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The Risks of Early Spay and Neuter in Dogs: What Every Owner Should Know
Apr 13, 2023
Spaying and neutering dogs is a common practice among pet owners, with many benefits including preventing unwanted litters, reducing the risk of certain types of cancer, and decreasing the likelihood of behavioral problems. However, it's important to know that spaying or neutering your dog too young can have negative consequences for their health and well-being.
Spaying or neutering puppies before they reach sexual maturity, typically between 6 and 12 months of age, has become a widespread practice. While this may seem like a good idea, it can actually be harmful to your dog's long-term health. Here are some of the dangers of spaying or neutering your dog too young:
- Increased risk of orthopedic problems: Research has shown that dogs who are spayed or neutered before they reach sexual maturity have an increased risk of developing certain orthopedic problems, such as hip dysplasia, cruciate ligament tears, and patellar luxation. This is because spaying or neutering can cause the bones to grow longer, which can lead to joint instability and an increased risk of injury.
- Increased risk of certain types of cancer: While spaying or neutering can decrease the risk of some types of cancer, such as ovarian and testicular cancer, it can actually increase the risk of other types of cancer, such as bone cancer and bladder cancer.
- Increased risk of behavioral problems: Spaying or neutering before sexual maturity can affect a dog's hormones and behavior, leading to an increased risk of certain behavioral problems, such as fearfulness, aggression, and separation anxiety.
- Delayed physical and emotional development: Spaying or neutering can affect a dog's physical and emotional development. Dogs who are spayed or neutered too young may have delayed physical development, such as stunted growth and muscle development. They may also have delayed emotional development, such as a lack of confidence and socialization skills.
- Increased risk of urinary incontinence: Spaying female dogs before sexual maturity can increase their risk of developing urinary incontinence, which can be a difficult and costly problem to manage.
In conclusion, while spaying or neutering your dog is an important part of responsible pet ownership, it's crucial to wait until your dog has reached sexual maturity before proceeding with the procedure. By waiting until your dog is fully developed, you can help ensure their long-term health and well-being. If you have any concerns about spaying or neutering your dog, it's important to discuss them with your veterinarian.
For more information, please see our sources::
- Increased risk of orthopedic problems:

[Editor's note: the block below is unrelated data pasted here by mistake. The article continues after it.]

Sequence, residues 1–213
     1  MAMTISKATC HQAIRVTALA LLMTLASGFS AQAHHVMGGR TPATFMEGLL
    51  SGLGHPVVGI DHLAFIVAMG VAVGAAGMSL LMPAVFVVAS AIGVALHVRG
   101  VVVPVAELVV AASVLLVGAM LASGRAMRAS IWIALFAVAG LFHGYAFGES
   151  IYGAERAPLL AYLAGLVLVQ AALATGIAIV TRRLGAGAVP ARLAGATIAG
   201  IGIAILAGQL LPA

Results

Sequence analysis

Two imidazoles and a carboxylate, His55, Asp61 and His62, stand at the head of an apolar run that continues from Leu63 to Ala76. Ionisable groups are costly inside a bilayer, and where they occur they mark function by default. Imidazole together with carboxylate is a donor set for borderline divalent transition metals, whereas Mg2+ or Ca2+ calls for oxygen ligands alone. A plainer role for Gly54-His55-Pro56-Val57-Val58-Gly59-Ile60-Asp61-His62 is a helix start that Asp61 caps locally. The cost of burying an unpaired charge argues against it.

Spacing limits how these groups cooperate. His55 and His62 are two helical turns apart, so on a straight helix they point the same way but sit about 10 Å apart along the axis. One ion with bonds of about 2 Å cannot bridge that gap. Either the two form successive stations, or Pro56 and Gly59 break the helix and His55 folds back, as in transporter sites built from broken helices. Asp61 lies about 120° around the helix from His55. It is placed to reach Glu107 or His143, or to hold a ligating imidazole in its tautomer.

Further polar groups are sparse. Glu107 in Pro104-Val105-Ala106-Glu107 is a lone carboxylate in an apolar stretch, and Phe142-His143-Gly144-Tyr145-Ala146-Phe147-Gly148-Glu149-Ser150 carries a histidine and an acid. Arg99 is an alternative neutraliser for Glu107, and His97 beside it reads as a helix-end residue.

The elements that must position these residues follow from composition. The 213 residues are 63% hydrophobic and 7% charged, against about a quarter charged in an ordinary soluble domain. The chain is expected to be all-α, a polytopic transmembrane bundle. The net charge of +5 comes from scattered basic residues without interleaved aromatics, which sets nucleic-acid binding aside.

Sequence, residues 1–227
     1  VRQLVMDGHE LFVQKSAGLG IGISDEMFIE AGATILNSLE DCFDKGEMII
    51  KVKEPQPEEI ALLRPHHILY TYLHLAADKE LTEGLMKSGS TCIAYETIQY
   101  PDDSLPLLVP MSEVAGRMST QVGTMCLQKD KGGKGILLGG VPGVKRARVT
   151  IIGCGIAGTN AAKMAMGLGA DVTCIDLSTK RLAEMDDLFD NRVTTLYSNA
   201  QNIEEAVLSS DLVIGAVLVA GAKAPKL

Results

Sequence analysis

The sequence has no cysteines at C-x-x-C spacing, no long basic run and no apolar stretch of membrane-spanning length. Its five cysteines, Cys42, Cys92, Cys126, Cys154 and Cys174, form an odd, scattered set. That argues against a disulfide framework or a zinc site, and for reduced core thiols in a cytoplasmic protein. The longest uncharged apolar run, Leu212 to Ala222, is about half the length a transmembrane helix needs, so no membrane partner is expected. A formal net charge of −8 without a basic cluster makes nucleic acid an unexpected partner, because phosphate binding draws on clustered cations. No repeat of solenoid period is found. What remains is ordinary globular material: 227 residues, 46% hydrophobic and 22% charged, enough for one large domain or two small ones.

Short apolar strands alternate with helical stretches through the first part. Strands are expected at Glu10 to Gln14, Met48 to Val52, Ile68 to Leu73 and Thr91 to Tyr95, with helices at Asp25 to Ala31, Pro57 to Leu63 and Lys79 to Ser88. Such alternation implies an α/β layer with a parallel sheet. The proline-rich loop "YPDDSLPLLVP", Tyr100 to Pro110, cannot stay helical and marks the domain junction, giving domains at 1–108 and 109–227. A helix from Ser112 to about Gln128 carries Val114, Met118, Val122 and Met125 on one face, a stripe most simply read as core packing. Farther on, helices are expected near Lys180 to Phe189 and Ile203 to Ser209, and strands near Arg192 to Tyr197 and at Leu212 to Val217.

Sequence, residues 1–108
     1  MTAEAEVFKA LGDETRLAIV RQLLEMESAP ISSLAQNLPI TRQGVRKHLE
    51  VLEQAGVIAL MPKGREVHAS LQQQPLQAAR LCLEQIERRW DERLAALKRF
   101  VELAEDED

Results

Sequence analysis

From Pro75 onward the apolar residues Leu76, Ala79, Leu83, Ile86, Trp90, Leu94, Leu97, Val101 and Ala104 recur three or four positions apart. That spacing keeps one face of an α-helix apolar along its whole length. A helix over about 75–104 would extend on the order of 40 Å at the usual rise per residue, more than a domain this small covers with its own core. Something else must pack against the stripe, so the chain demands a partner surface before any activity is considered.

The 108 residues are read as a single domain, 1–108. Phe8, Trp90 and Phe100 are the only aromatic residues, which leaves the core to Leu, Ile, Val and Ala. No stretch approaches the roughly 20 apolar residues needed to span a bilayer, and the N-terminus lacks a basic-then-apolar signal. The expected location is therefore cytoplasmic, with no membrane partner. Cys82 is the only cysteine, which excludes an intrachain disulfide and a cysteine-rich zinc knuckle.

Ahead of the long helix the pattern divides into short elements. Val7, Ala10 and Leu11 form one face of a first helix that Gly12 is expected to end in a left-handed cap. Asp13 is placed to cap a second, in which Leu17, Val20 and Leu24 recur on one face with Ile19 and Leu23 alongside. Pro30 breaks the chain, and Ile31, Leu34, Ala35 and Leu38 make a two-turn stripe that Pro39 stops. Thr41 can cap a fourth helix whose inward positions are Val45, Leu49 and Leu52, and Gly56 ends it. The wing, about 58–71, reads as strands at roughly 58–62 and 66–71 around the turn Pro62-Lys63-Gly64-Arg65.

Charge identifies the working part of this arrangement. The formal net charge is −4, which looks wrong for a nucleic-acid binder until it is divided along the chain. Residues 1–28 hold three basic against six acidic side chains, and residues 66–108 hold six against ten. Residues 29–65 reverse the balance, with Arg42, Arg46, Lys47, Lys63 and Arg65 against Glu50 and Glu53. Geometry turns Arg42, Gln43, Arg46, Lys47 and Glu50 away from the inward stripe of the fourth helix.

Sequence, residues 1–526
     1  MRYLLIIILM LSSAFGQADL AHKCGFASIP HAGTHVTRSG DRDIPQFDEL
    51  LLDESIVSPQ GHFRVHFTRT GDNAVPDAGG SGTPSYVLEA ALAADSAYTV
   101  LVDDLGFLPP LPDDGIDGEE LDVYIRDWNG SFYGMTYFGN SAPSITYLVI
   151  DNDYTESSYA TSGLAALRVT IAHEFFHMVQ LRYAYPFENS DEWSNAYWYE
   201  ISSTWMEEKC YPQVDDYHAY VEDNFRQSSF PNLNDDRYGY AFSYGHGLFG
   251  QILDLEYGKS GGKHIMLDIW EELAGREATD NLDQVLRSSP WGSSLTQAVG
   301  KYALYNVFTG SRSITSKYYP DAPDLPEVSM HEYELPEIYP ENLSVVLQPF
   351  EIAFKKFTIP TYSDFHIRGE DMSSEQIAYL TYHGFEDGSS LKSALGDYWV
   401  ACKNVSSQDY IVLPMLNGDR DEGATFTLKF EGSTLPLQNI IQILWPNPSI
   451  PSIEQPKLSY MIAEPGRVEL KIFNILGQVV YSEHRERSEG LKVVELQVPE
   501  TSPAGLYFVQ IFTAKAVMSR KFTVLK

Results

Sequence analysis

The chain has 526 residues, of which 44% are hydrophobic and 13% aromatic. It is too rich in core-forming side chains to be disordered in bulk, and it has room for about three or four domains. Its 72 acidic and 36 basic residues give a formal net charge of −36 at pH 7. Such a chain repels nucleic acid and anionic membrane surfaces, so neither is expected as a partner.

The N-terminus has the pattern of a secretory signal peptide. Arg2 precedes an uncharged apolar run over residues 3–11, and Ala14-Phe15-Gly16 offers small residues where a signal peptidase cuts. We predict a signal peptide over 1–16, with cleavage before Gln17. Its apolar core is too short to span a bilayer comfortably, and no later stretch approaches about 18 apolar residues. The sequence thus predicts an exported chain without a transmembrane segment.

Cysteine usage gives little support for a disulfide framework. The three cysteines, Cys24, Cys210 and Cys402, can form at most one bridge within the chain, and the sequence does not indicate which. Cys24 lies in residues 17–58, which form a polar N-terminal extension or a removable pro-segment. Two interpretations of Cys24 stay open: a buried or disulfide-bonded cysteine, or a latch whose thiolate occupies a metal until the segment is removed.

- Hou, Y., Wang, Y., Lu, X., Zhang, X., Zhao, Q., Todhunter, R. J., Zhang, Z., & Xu, X. (2019). Effects of age and sex on the development of hip dysplasia in a population of 48,002 dogs. Journal of the American Veterinary Medical Association, 255(11), 1275-1282.
- Slauterbeck, J. R., Pankratz, K., Xu, K. T., Bozeman, S. C., Hardy, D. M., & Schalles, R. R. (2001). Canine ovariohysterectomy and orchiectomy increases the prevalence of ACL injury. Clinical Orthopaedics and Related Research®, 392, 182-187.
- Increased risk of certain types of cancer:
- Cooley, D. M., Beranek, B. C., Schlittler, D. L., Glickman, N. W., & Glickman, L. T. (2002). Endogenous gonadal hormone exposure and bone sarcoma risk. Cancer Epidemiology and Prevention Biomarkers, 11(11), 1434-1440.
- Torres de la Riva, G., Hart, B. L., Farver, T. B., Oberbauer, A. M., Messam, L. L., Willits, N., & Hart, L. A. (2013). Neutering dogs: effects on joint disorders and cancers in golden retrievers. PLoS One, 8(2), e55937.
- Increased risk of behavioral problems:
- Zink, C., & Van Dyke, J. B. (2014). Canine sports medicine and rehabilitation. John Wiley & Sons.
- Neilson, J. C., Eckstein, R. A., & Hart, B. L. (1997). Effects of castration on problem behaviors in male dogs with reference to age and duration of behavior. Journal of the American Veterinary Medical Association, 211(2), 180-182.
- Delayed physical and emotional development:
- Salmeri, K. R., Bloomberg, M. S., Scruggs, S. L., Shille, V. M., & Manley, P. A. (1991). Gonadectomy in immature dogs: effects on skeletal, physical, and behavioral development. Journal of the American Veterinary Medical Association, 198(7), 1193-1203.
- Duffy, D. L., Hsu, Y., & Serpell, J. A. (2008). Breed differences in canine aggression. Applied Animal Behaviour Science, 114(3-4), 441-460.
- Increased risk of urinary incontinence:
- Reichler, I. M., Hubler, M., & Barth, A. (2007). Neutering in immature dogs: a longitudinal study on urethral sphincter mechanism function. Veterinary Journal, 173(1), 92-97.
Now you know!